Million gallons of wastewater closes beach in Hawaii
HONOLULU (AP) — For the second time in a week a popular Hawaii beach was closed after sewage from a treatment plant was discharged into the ocean. A million gallons of treated but not yet disinfected wastewater was discharged from the East Honolulu Wastewater Treatment plant, closing Sandy Beach and its surroundings. Thursday's closure comes a day after beaches near Waikiki were reopened following a similar issue.
Hawaii American Water, the private company that runs the treatment plant, said the incident happened Tuesday after an underground electrical cable that feeds power to their chlorination system shorted out as heavy rains fell in the area. Lee Mansfield, manager of American Water, said in a telephone interview Thursday that there was un-disinfected water flowing into the ocean from their system for about five hours, resulting in about a million gallons of wastewater being discharged.
He said the water that flowed into the ocean had been treated through the plant, removing heavy debris and contaminants, but the water was not chlorinated before being discharged.
"We receive wastewater and we'll remove grit and large material, then we go through the primary sedimentation process, and that removes material that will readily settle out of the wastewater," Mansfield said. The water then goes through a biological treatment before being chlorinated, he said.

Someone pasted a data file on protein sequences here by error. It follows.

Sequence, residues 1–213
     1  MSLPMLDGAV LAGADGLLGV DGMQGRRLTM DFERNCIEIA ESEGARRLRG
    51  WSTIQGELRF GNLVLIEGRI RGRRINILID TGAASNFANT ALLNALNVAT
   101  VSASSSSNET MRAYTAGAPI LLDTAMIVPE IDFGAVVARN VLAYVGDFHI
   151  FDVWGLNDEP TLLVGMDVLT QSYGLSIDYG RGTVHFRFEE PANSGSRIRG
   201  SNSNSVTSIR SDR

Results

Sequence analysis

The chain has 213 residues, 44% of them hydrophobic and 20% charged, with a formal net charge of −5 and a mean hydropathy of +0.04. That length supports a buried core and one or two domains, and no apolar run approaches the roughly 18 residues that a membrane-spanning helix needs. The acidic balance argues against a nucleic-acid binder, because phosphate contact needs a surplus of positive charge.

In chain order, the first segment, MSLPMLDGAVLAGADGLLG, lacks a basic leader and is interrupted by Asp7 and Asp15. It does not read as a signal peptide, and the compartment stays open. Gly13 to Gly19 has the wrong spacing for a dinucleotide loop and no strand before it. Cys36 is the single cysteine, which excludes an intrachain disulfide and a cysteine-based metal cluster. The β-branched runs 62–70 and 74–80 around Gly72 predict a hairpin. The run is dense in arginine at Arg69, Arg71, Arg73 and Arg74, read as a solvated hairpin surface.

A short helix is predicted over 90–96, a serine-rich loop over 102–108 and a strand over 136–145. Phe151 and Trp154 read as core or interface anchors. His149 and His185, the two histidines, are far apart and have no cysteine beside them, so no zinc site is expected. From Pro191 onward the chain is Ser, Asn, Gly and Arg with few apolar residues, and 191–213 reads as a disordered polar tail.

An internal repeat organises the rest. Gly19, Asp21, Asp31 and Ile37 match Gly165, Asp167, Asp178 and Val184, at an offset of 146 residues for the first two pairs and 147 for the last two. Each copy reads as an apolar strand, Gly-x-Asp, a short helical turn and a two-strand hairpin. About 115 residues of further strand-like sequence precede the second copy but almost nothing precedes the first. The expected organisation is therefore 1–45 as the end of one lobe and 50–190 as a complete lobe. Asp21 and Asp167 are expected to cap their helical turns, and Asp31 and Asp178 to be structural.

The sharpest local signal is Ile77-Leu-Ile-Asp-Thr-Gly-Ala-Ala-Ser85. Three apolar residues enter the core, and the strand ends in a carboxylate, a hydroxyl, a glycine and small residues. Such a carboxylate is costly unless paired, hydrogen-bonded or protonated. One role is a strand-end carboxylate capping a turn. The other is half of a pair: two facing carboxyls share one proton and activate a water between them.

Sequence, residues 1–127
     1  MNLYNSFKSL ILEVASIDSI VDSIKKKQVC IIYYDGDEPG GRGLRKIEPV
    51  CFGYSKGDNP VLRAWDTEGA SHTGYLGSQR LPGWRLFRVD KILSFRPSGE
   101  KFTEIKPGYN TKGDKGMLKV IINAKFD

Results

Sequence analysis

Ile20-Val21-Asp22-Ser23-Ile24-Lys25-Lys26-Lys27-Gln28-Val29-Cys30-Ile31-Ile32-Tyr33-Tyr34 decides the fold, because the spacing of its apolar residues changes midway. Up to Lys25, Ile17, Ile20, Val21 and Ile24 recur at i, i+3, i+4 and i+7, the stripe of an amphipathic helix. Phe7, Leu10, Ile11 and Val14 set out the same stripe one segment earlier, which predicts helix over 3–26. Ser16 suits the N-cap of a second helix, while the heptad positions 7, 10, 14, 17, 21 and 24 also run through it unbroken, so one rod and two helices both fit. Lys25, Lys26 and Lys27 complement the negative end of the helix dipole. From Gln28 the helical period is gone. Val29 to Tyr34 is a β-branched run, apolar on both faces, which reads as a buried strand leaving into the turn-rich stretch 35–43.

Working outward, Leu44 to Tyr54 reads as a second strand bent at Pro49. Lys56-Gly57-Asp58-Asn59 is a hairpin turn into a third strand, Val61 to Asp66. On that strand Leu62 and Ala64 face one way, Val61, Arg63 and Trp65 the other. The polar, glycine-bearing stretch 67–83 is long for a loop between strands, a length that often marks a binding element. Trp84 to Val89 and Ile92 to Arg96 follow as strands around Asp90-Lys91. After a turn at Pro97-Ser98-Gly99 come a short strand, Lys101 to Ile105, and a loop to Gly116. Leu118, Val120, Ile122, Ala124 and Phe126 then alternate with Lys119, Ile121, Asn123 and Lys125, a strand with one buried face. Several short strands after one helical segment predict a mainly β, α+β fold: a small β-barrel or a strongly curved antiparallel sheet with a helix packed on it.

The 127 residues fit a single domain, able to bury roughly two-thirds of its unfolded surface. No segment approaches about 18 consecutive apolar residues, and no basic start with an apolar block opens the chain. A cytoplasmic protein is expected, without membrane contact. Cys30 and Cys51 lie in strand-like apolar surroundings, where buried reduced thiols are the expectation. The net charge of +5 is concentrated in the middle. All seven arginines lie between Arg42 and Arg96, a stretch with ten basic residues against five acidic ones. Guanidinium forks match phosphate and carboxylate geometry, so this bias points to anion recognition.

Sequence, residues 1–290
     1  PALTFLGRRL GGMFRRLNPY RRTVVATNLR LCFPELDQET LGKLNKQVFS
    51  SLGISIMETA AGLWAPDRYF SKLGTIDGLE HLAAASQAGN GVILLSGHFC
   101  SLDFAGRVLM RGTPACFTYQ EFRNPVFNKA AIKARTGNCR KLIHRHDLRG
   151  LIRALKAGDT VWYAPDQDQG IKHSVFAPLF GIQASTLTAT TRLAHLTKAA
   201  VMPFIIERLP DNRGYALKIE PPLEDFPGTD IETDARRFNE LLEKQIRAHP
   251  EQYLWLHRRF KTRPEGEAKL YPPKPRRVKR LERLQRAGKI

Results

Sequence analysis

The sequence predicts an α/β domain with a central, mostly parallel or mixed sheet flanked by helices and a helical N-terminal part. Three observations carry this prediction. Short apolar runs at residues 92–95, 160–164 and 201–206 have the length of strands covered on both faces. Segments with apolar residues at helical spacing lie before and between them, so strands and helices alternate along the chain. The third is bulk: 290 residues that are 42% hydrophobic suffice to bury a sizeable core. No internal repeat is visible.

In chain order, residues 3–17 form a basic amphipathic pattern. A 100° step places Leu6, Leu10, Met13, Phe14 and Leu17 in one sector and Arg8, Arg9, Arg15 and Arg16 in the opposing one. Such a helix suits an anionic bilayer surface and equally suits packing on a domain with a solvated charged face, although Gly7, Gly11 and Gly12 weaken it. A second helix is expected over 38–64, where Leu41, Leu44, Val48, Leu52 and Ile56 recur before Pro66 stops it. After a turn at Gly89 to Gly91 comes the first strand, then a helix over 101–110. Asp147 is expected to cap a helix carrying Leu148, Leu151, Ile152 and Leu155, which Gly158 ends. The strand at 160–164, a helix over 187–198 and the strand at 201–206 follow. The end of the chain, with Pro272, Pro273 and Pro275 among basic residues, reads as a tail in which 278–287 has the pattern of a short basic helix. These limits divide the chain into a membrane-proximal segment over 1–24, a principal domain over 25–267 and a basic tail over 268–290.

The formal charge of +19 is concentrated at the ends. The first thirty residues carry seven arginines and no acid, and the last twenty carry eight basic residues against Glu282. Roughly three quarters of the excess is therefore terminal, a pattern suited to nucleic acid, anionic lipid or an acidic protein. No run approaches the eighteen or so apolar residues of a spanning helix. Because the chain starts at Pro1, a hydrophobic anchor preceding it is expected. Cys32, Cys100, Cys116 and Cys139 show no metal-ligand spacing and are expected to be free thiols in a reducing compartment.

The state Department of Health released a statement advising the public to stay out of the waters from Halona Blow Hole to Erma's Beach on Oahu's southeast shore until further notice. Water samples were being taken for testing.
Another spill from Monday near Hickam Beach on Joint Base Pearl Harbor-Hickam was announced Thursday, prompting officials to tell the public to avoid those waters as well.
Officials said about 24,000 gallons spilled there, 12,000 of which went into a storm drain that leads into a canal near Hickam Beach. Water samples are being taken and the beach has posted with signs warning visitors of the potential dangers.
On Monday about 400,000 gallons of wastewater spilled in Ala Moana Beach Park after heavy rains associated with Tropical Storm Kilo inundated the system. Officials opened the waters Wednesday afternoon after testing showed the water was safe.
Lori Kahikina, Honolulu's director of environmental services, said less sewage spilled than the half-million gallons the city initially reported.
She said Wednesday 129,000 gallons of wastewater flowed into the ocean. Another 264,000 spilled on land but never reached the ocean.
Officials said the Honolulu Zoo, which is in Waikiki, also flooded Monday, raising concern that untreated material from the zoo had entered the ocean.
A week of heavy rain had left the ground saturated, inundating the sewer systems with rain water. More rain was forecast for Thursday with flash flood watches in effect.
Meanwhile in the Pacific, Ignacio strengthened into a hurricane. The storm's maximum sustained winds increased Thursday morning to 90 mph (150 kph).
Hurricane Ignacio was centered about 1,135 miles (1,825 kilometers) east-southeast of Hilo, Hawaii, and was moving toward the state near 13 mph (20 kph). The storm could reach the islands by early next week.